As a Nigerian, I grew up in a country where everyone looked like me, spoke like me and had the same cultural baseline. Like any group of people, we may have been divided by our gender, our socio-economic status or our religion, but beyond that there remained the bond of our shared experience as Nigerians. While I had grown up contemplating what it meant to be Nigerian in a country with so many different tribal identities, I had never had to consider my blackness because that was my norm.
All that changed when I moved to England at the arguably tender age of 15. It was a new landscape, yet many things remained the same, my gender still came with baggage, however now I was an ‘ethnic minority’. Before I was a woman, an avid reader and a Nigerian, I was black. It was the easiest aspect of my identity that could be used to distinguish me.
Now in the final year of university, that feeling of ‘otherness’ is my new norm. I’ve grown used to people touching my hair, being surprised at my eloquence and assuming I know how to dance.
However, with age has come an increased social consciousness on my part, of race and its systems of institutionalised oppression. As I delve below the surface, I’ve gained an understanding of the intricacies and history of why and how these prejudices exist. An understanding that has opened my eyes to the fact that movements like the ‘Black Lives Matter’ campaign, while admirable, attempts to combat a problem that has existed for centuries.
Before I was a woman, an avid reader and a nigerian, i was black.
Being one of a handful of black people in any given place or at any given time at Exeter (excluding of course events aimed specifically at ethnic minorities) is accompanied by a pressure to ‘represent’. The pressure and knowledge that in these spaces I am no longer just me, but a sole representative of my race, my culture and my country.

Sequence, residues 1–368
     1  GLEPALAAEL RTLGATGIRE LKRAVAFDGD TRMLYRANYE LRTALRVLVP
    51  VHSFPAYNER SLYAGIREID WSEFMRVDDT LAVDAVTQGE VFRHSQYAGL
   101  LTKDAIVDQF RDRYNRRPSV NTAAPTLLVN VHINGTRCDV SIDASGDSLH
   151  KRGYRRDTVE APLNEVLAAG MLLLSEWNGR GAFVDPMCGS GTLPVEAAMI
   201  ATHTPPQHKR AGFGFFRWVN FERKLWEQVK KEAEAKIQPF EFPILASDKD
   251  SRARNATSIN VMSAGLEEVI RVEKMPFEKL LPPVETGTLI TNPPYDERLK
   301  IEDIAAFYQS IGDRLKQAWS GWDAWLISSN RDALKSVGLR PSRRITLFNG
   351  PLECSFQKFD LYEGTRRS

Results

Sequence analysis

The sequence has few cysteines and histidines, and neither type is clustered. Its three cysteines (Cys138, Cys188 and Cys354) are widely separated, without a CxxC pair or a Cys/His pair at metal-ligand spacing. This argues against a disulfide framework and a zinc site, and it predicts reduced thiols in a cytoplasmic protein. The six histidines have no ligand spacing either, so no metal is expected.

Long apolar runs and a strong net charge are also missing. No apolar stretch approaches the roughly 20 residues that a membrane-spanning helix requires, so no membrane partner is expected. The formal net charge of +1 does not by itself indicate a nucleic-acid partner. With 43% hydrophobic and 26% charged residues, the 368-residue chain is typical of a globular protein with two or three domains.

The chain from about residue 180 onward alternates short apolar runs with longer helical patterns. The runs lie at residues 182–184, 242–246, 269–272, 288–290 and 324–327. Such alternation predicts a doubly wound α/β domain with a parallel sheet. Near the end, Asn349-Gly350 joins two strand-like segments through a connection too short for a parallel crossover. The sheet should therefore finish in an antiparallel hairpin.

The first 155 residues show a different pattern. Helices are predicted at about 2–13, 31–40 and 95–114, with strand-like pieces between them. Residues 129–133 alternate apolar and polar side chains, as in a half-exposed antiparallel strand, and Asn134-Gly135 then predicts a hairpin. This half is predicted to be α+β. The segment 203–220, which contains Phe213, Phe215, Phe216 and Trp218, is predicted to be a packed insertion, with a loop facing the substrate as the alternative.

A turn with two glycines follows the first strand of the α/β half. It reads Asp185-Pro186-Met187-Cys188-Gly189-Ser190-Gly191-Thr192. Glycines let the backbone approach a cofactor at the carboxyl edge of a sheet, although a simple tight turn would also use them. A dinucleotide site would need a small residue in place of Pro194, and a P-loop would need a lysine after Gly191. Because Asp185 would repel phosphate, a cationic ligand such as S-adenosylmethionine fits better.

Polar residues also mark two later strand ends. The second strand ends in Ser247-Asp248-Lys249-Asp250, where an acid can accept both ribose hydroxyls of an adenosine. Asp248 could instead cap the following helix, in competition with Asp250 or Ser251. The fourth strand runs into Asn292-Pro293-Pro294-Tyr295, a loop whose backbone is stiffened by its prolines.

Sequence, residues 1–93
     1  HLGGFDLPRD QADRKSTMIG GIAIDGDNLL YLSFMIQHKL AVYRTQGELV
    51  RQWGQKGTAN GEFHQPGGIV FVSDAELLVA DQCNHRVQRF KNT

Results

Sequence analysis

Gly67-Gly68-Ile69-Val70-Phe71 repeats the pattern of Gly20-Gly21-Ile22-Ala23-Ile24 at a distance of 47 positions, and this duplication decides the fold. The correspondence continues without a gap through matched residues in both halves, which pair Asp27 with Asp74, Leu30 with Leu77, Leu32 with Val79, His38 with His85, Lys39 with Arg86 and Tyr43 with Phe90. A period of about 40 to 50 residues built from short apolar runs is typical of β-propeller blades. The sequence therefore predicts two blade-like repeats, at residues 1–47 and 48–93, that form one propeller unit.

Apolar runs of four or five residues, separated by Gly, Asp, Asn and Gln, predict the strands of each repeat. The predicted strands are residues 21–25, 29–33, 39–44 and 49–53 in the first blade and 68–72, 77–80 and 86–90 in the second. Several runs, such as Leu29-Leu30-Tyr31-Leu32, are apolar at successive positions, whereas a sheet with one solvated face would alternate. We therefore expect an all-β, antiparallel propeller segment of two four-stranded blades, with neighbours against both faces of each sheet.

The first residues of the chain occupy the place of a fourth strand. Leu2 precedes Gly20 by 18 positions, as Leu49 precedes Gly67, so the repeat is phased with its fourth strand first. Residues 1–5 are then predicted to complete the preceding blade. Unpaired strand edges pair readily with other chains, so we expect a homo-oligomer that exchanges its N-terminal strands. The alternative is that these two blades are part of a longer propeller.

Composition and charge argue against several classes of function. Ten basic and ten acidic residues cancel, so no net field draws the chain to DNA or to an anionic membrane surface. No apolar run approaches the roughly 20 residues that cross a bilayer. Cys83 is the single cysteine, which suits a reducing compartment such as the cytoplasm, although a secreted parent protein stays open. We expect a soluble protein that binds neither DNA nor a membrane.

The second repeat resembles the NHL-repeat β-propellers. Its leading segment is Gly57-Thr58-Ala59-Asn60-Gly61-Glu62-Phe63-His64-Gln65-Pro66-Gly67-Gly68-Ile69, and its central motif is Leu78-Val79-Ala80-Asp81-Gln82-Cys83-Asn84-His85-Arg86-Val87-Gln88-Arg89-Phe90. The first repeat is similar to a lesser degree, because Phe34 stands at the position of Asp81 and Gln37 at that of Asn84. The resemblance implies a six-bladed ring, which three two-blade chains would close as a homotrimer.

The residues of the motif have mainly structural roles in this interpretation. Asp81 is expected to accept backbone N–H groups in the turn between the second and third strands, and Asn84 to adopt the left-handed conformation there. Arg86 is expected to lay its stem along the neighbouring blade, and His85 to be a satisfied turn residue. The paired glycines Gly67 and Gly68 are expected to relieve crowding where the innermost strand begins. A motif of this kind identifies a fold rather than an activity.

My loudness, my love of food, my energy are no longer the traits that make me who I am but instead further cannon fodder for those who see me only through the lens of my skin colour to pigeon hole me as a stereotypical ‘black person’. When I shoot down a well meaning but ignorant comment I become not an impassioned protestor but the ‘angry black woman’. While I understand that stereotypes are part and parcel of almost any group of people – women are emotional, young black boys are thugs and black women are mammy’s or jezebels – they are born out of our need to classify and identify people who are different to us.
When it came to picking a university, Exeter was at the top of my list. Most of my friends were surprised by my choice, Exeter and diversity did not seem synonymous, and they did not hesitate to echo their negative opinions of what I should expect. These were all valid issues but I refused to be deterred. As I enter my final year I have seen many of their concerns reflected in the unequal racial makeup of my lectures and sometimes the thinly veiled offensive comments and behaviour of students and locals.
I was asked to write about diversity, its importance and my personal feelings on it, but what I think is just as important as establishing spaces of diversity is how we react when we are faced with such diversity. How we react to and relate with people who exhibit obvious or minute diff erences from ourselves. Diverse spaces are the goal because that is how we combat the ignorance that fosters institutional oppression. How we act in the interim on our way to this egalitarian society is crucial. This means listening when a person of a diff erent race, culture, or religion tells you about their experience. Not talking, but listening and absorbing that commentary and perhaps adjusting your world view accordingly.
I am no longer just me but a sole representative of my race, my culture and my country
The lens of privilege is inherently hard, if not impossible to recognise and see through. I am privileged by being a cisgendered, heterosexual, able bodied, and educated person. I fulfil those norms that society has built their laws and institutions around. But at the same time I have disadvantages as a woman and as a person of colour. So when I speak to a white friend about my experiences (of being catcalled, or having racial slurs hurled at me, or how it feels to be the only person in a room who looks like me, only to then go home and read yet another article about how the bodies of people of colour are violated against), I appreciate it when they pause for a moment in contemplation, as opposed to trotting out the tired old “racism is not that big a problem anymore”. To be quite frank, racism is something that must be addressed daily.